A Staggering Cost
While the fire recovery work is still in the early stages, the costs already incurred are staggering. According to Greeley water and sewer director Sean Chambers, their city has spent more than $40 million in 2021 recovering from the Cameron Peak Fire. Larimer County’s Office of Emergency Management reported their expenditures on the fire will be almost $25 million. Even after federal and state reimbursements the county expects to spend over $17 million out of pocket. And more funding is needed.
Watershed protection needs in the Cameron Peak burn area exceed $45 million and yet Adam Jokerst, Deputy Director of Water Resources for the City of Greeley said only half of these funds have been secured. He explained that aerial mulching in the Poudre is done for now due to “lack of funds”. This comes as no surprise when you discover keeping helicopters in the air dropping mulch costs $87/minute, but it is still the best option especially on remote mountain terrain .
For the East Troublesome fire the recovery needs and the costs associated with them are even bigger. It is estimated that another $51 million is needed above and beyond the $35 million already secured. According to Esther Vincent, Environmental Services Division Director for Northern Water, most of these allocated funds were focused on private lands in strategic downstream locations however this only encompassed 10% of the burn area. Funding for 2022, once secured, will need to be directed at the other 90% on USFS land.
A Collaborative Force
More than 800,000 people in Northern Colorado depend on our forested watersheds to provide us with the lifeblood of our communities, water. These watersheds occur on publicly protected land like Rocky Mountain National Park, but additional lands within the watersheds are owned by other public agencies like the U.S. Forest Service or private landowners. These different ownerships translate into different land management strategies that have the potential to be far more impactful when we work together and coordinate efforts. The wildfires of 2020 taught us many lessons but possibly none more important than the value of collaboration.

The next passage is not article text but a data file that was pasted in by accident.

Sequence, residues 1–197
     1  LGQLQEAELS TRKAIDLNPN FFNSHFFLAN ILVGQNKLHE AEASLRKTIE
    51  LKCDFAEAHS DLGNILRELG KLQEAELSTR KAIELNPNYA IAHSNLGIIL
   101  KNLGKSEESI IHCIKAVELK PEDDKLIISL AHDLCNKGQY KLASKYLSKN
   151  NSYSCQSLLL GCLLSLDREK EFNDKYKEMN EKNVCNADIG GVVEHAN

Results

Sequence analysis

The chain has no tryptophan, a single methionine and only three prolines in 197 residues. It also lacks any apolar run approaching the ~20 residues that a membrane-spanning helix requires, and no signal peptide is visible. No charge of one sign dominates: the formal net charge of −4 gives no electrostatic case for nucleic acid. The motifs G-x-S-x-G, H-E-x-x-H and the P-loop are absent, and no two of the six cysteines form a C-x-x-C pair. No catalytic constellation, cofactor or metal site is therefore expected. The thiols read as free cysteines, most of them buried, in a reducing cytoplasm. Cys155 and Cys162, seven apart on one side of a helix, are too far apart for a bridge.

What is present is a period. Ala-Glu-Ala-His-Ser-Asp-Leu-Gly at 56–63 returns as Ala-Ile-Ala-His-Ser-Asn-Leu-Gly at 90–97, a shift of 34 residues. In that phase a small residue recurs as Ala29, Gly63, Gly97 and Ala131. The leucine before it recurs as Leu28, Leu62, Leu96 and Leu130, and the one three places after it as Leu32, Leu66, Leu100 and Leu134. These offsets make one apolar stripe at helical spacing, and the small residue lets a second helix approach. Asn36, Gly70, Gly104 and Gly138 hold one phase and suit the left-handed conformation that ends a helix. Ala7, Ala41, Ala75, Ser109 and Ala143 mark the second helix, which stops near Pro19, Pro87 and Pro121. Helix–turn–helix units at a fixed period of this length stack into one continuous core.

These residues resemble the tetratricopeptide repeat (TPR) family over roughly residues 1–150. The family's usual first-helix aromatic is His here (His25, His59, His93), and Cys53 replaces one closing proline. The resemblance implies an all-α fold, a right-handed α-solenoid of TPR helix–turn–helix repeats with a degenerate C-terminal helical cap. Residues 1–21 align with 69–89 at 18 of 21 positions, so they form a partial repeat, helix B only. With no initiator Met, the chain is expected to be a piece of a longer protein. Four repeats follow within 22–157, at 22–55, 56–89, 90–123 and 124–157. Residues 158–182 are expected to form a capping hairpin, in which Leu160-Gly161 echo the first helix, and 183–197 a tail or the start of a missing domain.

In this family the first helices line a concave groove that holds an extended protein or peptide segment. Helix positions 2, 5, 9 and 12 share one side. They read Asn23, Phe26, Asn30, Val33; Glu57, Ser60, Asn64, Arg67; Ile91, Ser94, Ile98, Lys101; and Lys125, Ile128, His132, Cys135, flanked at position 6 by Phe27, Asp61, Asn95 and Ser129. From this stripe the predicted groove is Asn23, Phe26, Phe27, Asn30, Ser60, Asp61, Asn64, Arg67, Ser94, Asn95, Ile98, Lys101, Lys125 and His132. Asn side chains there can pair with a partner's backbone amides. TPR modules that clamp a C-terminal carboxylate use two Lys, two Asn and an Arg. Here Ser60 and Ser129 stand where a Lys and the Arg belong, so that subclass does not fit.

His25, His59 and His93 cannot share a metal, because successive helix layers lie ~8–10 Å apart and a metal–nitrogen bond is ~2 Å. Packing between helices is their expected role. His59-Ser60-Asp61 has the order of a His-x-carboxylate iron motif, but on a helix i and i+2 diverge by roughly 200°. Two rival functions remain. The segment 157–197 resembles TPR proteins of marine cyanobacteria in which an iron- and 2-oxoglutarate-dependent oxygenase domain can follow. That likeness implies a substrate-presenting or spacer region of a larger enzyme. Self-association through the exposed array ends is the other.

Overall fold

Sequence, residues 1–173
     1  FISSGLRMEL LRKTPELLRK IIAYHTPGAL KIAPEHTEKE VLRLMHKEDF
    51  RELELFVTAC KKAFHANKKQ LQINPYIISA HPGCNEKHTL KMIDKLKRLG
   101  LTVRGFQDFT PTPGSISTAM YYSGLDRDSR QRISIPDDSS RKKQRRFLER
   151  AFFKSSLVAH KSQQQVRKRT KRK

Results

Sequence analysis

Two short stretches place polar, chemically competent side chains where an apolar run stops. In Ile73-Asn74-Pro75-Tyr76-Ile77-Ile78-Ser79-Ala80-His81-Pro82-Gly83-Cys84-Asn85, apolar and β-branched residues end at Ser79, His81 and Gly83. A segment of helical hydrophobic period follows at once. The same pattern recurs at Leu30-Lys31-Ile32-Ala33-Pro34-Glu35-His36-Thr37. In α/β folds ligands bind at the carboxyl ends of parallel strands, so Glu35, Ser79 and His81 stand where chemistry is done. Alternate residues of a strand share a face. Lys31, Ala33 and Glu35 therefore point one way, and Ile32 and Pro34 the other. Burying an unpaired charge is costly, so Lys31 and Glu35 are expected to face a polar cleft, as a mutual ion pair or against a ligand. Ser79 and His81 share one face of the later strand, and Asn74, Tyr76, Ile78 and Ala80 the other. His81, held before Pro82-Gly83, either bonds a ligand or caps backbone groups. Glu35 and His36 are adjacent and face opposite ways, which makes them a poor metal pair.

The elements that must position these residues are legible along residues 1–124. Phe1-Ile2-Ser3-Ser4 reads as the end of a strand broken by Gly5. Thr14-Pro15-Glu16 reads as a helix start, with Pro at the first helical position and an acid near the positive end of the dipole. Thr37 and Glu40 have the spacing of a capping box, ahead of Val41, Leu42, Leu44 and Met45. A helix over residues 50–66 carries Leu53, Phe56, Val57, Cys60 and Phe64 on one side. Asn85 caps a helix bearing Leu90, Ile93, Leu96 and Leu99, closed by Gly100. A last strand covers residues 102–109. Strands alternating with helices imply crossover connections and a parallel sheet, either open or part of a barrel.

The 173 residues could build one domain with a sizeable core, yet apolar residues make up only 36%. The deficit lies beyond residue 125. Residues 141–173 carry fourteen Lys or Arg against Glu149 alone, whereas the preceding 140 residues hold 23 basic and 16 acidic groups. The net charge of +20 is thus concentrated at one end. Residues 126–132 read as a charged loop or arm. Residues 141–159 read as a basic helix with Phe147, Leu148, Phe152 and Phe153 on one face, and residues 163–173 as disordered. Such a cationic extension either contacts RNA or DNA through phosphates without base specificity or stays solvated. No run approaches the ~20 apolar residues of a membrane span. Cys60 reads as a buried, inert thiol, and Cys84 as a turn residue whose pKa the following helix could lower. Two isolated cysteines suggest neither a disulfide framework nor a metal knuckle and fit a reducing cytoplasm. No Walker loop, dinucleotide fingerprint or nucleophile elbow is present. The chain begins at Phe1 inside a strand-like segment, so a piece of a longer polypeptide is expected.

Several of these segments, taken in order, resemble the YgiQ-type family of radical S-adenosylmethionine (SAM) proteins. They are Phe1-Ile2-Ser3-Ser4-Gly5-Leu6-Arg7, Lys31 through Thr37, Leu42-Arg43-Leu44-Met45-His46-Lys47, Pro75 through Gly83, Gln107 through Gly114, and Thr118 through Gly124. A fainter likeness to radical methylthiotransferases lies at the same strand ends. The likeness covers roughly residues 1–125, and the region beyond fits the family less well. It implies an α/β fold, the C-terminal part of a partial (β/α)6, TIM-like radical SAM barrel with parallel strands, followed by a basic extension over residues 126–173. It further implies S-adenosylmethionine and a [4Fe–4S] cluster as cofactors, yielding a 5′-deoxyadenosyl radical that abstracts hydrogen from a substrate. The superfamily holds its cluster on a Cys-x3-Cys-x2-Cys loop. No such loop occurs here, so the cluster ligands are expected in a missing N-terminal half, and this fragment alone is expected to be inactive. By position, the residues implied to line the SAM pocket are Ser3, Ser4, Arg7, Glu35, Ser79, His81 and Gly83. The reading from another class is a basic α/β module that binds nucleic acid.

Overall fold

In speaking about the recovery efforts Northern Water’s Esther Vincent reflected, “In this process we found at the center, unlikely and previously unforeseen partnerships and newly formed collaborations that have only strengthened in this last year and will likely shape the water community for many years to come. We wouldn’t have been successful in securing funding if we hadn’t been able to work so closely with each other and speak with a unified voice. We’ve done that collectively on both sides of the divide.”
An Ongoing Need
This sentiment rings true for the work that needs to be done to restore the health of the forests that remain as well. Forests throughout the Front Range are at extreme risk for wildfire due to decades of fire suppression, rising temperatures and droughts exacerbated by climate change. Proactively treating fire risk is more cost-effective than fighting wildfires once they break out or treating water supplies with excess sediment from wildfires. If we nurture and grow these “unforeseen partnerships and newly formed collaborations” we can avoid wildfires of this magnitude and protect the forested watersheds upon which we all depend.